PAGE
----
Pharma puts Watson brain to work to speed up R&D, cut drug development costs

Johnson & Johnson and Sanofi are using IBM Watson’s computer brain/big data cruncher to support research and development. It will be used to identify new applications for drugs that have already been developed and to leaf through scientific papers that detail clinical trial outcomes, according to a statement from IBM. The partnerships follow a new […]

Johnson & Johnson and Sanofi are using IBM Watson’s computer brain/big data cruncher to support research and development. It will be used to identify new applications for drugs that have already been developed and to leaf through scientific papers that detail clinical trial outcomes, according to a statement from IBM. The partnerships follow a new development in Watson’s evolution that help it visually uncover patterns and pinpoint connections in related data to accelerate the discovery process and advance science research.

“Watson now has the ability to understand the language of chemistry, biology, legal and intellectual property, giving scientists the ability to make connections with data that others don’t see, which can lead to rapid breakthrough in discoveries,” the statement said.

In one demonstration of the technology, cancer researchers at Baylor College of Medicine published a study showing how they used Watson to analyze tens of millions of abstracts from scientific research on one cancer suppressing protein called p53. The Baylor cancer researchers discovered six potential proteins to target for new research as a result of Watson’s work. To put that in context, the announcement said it’s more common to find one potential protein target in a year. So the work is encouraging that Watson can speed up cancer research.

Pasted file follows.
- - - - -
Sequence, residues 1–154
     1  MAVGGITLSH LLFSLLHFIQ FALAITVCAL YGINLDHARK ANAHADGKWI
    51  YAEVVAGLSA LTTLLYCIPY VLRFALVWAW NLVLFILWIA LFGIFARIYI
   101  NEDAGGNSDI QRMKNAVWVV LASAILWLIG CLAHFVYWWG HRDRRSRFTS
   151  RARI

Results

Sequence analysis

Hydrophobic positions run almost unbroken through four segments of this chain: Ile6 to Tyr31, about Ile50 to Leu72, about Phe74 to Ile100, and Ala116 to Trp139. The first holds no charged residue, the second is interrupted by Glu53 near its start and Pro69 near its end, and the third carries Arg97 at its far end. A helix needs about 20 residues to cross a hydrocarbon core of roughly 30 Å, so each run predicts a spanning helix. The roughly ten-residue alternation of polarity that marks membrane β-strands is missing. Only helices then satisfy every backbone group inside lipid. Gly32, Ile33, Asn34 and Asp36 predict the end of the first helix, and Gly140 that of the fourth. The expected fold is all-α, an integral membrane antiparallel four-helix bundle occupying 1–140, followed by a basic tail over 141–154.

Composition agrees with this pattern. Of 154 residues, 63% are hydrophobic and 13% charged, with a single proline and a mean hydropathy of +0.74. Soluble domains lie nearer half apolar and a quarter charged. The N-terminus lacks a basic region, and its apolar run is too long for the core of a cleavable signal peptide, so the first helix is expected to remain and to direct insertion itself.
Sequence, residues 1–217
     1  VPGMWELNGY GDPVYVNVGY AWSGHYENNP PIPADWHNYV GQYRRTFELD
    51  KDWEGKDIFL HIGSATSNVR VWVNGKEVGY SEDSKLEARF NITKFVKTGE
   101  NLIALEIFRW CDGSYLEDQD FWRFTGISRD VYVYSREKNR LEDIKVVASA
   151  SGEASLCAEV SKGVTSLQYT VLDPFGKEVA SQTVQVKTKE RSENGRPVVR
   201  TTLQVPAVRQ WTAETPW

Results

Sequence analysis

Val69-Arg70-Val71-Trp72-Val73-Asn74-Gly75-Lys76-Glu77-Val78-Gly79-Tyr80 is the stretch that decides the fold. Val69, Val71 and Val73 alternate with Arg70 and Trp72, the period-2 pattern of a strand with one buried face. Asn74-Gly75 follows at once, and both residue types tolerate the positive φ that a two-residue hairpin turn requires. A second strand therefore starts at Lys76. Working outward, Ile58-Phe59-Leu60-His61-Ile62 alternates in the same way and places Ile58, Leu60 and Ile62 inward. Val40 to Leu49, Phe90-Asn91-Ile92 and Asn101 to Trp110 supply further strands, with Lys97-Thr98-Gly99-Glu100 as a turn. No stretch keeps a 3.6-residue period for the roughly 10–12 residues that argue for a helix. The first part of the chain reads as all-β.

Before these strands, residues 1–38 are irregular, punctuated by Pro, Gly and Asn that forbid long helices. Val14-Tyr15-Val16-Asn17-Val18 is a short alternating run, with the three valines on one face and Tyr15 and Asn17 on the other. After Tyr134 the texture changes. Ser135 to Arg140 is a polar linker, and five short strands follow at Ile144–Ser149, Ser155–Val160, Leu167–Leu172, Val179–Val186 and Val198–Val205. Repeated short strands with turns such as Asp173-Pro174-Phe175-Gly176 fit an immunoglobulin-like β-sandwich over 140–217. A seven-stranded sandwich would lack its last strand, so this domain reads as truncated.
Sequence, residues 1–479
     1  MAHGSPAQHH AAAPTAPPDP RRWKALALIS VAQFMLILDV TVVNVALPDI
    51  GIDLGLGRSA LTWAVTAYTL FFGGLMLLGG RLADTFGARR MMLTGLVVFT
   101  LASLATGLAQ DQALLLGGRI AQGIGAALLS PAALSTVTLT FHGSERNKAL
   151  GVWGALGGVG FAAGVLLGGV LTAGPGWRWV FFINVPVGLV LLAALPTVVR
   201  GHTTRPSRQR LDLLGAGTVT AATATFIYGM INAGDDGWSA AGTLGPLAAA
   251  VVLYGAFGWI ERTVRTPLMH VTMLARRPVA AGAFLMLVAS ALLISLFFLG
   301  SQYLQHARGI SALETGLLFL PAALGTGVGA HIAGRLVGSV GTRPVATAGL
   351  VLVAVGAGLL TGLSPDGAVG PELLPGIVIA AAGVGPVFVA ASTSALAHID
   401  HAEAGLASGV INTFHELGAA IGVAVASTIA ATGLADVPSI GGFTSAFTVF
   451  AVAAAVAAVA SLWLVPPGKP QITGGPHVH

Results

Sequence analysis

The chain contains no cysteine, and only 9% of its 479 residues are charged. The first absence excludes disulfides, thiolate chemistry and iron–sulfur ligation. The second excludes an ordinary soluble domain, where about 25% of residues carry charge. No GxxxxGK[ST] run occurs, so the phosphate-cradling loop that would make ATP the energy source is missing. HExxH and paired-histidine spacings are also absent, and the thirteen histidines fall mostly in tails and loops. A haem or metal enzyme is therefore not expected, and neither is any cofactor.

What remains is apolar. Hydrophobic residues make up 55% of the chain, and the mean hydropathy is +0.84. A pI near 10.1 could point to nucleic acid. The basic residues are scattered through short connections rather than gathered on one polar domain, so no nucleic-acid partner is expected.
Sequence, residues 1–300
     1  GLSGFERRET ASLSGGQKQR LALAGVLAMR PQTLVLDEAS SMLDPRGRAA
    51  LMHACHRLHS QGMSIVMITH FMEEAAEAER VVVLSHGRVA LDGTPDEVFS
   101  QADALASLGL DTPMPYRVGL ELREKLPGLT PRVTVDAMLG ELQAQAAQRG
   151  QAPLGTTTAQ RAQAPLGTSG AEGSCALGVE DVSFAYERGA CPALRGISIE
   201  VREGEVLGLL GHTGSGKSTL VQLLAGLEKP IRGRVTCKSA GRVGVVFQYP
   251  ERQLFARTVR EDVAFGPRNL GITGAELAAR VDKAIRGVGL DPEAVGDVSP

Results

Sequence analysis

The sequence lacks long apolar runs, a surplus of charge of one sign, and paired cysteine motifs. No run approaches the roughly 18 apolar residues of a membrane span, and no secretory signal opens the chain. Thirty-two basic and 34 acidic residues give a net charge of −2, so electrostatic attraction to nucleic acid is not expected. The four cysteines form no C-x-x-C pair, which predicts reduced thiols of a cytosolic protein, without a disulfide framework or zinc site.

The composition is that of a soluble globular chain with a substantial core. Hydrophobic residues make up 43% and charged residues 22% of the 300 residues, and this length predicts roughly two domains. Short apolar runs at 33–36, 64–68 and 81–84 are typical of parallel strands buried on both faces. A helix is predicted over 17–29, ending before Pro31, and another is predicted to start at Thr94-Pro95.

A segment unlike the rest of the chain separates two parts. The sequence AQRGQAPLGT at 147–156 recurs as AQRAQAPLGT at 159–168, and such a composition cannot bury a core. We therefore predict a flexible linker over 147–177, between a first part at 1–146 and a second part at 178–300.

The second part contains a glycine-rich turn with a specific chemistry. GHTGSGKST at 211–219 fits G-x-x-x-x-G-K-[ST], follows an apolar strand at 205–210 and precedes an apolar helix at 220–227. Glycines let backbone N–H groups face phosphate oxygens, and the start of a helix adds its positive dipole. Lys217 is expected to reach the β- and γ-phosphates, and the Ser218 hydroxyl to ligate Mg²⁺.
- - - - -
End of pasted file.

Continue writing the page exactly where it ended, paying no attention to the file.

J&J is also using Watson to do some heavy reading but with broader applications. It will analyze scientific papers that detail clinical trial outcomes to improve and accelerate comparative effectiveness studies of various treatments. This work tends to be laborious and can take three people 10 months to go through these papers. It will allow researchers to start asking questions about the data immediately to determine the effectiveness of a treatment compared to other medications, as well as potential side effects, according to the statement.

Sanofi’s work with Watson will help it identify alternate applications for existing drugs. Watson will extract and organize toxicological information to help researchers make more informed decisions on which drug candidates to use to pursue new indications.

Although Watson has collaborated before with hospitals and institutes such as New York Genome Center on identifying appropriate treatments for cancer and brain tumors, it’s the first public announcement of pharmaceutical companies embracing the supercomputer that became known for its appearances on Jeopardy!.